We are spending a lot of money in the fields of science. This brings me to this point: 1 have a letter here from certain Ph. D. students at the University of New South Wales indicating that they expect to make the grade but that no employment opportunities are available for them. They wonder why so much money is being spent on science when our top men in this field who are about to graduate are not able to find opportunity for employment because they are classified as being in the 'employee status' which most of them are as scientists. Surely some research ought to be done to discover whether we are encouraging too many students to undertake study in a field in which no vacancies exist. One would like to think that there is something wrong in the fact that no vacancies are available and that more research ought to be done on the question of creating further vacancies.

I wish to deal with one final matter. I will do so briefly because the Opposition has made a promise not to delay the House. I did a bit of research myself into prisons in New South Wales. One of the striking failures of the human race when it comes to prisons is that inmates in prisons are all uneducated. It was startling in my limited research to find that 10 per cent of the prison population was illiterate. One can hardly imagine that this could have happened. It did not follow that they were all dull or mentally deficient. Many of them were quite bright.

Most of them were under the age of 23 years. It was quite evident that 70 per cent of them have been before the Children's Court. So, they had failed at the time when they normally would have been at school. It was pretty evident also that the failure in most cases was due to the fact that they had not remained at school. It was further evident in most of the cases that the reason why they had not remained at school or succeeded was that there were problems at home in their environment. These problems were due to broken homes, neurotic parents, delinquent parents, alcoholism or a sheer inability on the part of parents to take an interest in their children. I would say that a splendid opportunity exists in this respect for research into the problems of youngsters. Teachers would know that certain youngsters were not necessarily making the grade at school and might look at the parents to see whether the problem rested there. As we.l as educating the parents, an opportunity might be taken to try to improve the home environment or to try to improve the attitude of the parents, in other words, because they might need further assistance as well.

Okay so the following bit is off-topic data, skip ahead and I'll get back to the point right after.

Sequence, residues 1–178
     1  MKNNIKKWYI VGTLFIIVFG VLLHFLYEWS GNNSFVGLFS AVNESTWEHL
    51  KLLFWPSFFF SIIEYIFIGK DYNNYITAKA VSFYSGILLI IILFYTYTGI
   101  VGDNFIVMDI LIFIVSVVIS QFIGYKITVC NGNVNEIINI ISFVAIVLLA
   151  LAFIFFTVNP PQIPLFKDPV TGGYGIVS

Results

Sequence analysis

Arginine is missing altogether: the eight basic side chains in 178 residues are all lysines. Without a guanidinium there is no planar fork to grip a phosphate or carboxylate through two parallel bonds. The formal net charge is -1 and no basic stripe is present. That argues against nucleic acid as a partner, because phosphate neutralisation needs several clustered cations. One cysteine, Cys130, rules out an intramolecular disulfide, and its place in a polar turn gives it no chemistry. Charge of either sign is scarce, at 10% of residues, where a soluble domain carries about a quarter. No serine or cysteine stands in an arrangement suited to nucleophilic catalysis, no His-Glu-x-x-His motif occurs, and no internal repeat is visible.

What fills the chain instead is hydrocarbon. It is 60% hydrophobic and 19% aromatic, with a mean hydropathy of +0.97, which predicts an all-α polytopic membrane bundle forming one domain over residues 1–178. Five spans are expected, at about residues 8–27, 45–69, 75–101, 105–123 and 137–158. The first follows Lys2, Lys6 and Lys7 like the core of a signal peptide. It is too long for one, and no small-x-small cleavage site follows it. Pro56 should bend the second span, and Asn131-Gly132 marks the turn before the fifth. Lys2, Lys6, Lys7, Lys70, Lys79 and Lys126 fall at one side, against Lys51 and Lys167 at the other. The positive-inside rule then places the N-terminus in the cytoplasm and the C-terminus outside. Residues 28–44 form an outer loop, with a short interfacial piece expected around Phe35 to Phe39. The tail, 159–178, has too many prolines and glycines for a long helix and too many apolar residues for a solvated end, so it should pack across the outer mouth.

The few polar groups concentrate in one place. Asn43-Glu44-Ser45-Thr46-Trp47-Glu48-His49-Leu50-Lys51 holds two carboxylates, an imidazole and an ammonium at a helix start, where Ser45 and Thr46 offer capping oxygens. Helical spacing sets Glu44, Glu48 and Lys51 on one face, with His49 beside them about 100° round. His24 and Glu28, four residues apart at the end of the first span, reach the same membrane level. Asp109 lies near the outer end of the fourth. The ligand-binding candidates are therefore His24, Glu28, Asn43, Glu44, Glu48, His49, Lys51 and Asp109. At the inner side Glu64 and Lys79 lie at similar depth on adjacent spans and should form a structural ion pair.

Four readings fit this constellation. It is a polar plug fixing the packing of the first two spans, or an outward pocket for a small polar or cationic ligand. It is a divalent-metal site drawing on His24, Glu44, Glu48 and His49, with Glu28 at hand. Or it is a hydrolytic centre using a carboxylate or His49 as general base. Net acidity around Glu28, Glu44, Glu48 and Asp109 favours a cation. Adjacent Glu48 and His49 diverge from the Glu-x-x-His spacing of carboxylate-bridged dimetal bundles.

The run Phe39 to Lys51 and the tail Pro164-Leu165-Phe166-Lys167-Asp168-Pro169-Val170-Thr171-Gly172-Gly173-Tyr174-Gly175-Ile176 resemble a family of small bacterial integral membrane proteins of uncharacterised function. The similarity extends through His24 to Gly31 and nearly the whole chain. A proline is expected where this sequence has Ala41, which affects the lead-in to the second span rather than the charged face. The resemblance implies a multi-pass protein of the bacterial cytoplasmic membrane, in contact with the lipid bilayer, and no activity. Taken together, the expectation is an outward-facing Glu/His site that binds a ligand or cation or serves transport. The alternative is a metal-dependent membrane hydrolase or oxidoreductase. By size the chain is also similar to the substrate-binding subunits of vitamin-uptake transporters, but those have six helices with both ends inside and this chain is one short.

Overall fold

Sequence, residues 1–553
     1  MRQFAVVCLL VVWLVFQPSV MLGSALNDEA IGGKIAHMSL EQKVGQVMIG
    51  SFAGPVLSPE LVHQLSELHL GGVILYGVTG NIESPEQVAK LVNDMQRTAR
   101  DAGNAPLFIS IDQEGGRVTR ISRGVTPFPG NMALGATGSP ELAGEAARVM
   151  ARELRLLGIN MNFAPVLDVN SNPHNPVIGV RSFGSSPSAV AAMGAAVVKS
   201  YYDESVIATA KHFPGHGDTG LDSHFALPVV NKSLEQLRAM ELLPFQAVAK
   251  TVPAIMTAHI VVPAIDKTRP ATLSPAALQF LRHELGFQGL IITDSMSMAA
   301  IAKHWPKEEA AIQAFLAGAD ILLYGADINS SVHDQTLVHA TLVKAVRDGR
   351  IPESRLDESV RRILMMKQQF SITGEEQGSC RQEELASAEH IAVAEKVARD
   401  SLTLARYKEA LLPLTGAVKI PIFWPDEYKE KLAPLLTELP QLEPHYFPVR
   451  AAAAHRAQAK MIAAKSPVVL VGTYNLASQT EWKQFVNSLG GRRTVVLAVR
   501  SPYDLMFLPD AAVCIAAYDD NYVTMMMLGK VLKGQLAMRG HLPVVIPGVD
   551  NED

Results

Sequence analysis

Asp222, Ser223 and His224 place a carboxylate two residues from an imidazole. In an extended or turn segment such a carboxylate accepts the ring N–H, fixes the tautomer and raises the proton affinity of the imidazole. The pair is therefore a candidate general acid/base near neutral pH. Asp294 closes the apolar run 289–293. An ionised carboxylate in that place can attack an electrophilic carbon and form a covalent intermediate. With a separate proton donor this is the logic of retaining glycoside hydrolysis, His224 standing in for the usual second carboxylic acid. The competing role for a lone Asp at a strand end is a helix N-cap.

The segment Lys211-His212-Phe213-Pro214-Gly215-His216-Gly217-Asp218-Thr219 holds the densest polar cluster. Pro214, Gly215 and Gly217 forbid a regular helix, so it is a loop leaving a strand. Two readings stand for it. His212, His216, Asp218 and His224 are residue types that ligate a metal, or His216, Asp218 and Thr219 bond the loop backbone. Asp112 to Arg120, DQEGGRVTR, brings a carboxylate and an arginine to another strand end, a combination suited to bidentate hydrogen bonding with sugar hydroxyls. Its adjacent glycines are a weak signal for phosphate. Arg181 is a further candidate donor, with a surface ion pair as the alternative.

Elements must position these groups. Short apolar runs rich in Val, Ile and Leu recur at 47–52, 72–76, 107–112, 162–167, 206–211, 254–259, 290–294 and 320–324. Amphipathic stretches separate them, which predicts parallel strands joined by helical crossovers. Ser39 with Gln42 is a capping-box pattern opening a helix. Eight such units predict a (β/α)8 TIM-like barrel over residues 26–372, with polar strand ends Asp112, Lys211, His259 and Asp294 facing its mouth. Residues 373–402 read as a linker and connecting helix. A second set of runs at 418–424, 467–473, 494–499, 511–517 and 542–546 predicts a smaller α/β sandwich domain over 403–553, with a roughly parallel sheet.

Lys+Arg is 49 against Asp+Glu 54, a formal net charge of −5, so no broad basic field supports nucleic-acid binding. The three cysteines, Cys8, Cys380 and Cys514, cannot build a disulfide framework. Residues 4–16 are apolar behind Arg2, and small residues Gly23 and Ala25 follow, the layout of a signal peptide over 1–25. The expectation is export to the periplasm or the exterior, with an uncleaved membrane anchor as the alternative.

A splendid example of the point I am making is to be found at the Chino Prison in California which has achieved an 80 per cent success rate with inmates by saturating culprits with education and classifying them as to vocational guidance. Throughout the whole prison system in New South Wales, there is an 80 per cent failure. We read now of further disasters because nothing but disasters could follow from this system as a result of the fact that no research has been carried out into it.

The solution to the problem is education. lt is not the punitive power of sending someone to prison. This is no deterrent. These people keep going back. Society thinks that by sending a person to prison that person will be redeemed and reformed. In fact, he is not, because he is not taught anything. One New South Wales penitentiary with 1,400 inmates has one tutor for all of those inmates. The situation is ridiculous. I would like to think that a research grant could be provided for investigations in this field. Research could show one way in which the crime hazard could be reduced. Many splendid people, if some money was provided to research this problem, would try to seek a solution. State Governments could be encouraged to look at it. This can be done only in the way in which a research student could encourage them. The imprimatur of somebody of high quality would be needed. Somebody who would obtain grants for this purpose would be required so that this work could be done.

There are many fields in which research is essential now. I have mentioned just one or two of them. They are very important. I think that it is vital also that we try to set up the statutory advisory committee chat our amendment proposes. I am not critical of the members that we have. But I would like to think that the membership might be a little wider. No harm would be done if a member of Parliament was a member of the committee as well. A number of members might be appointed to the committee. These members might assist in an advisory way because they are mixing at all levels of society and they are mixing with the problems of life. They know perhaps where some need exists which could well be evaluated by splendid research. To that extent, I support the amendment.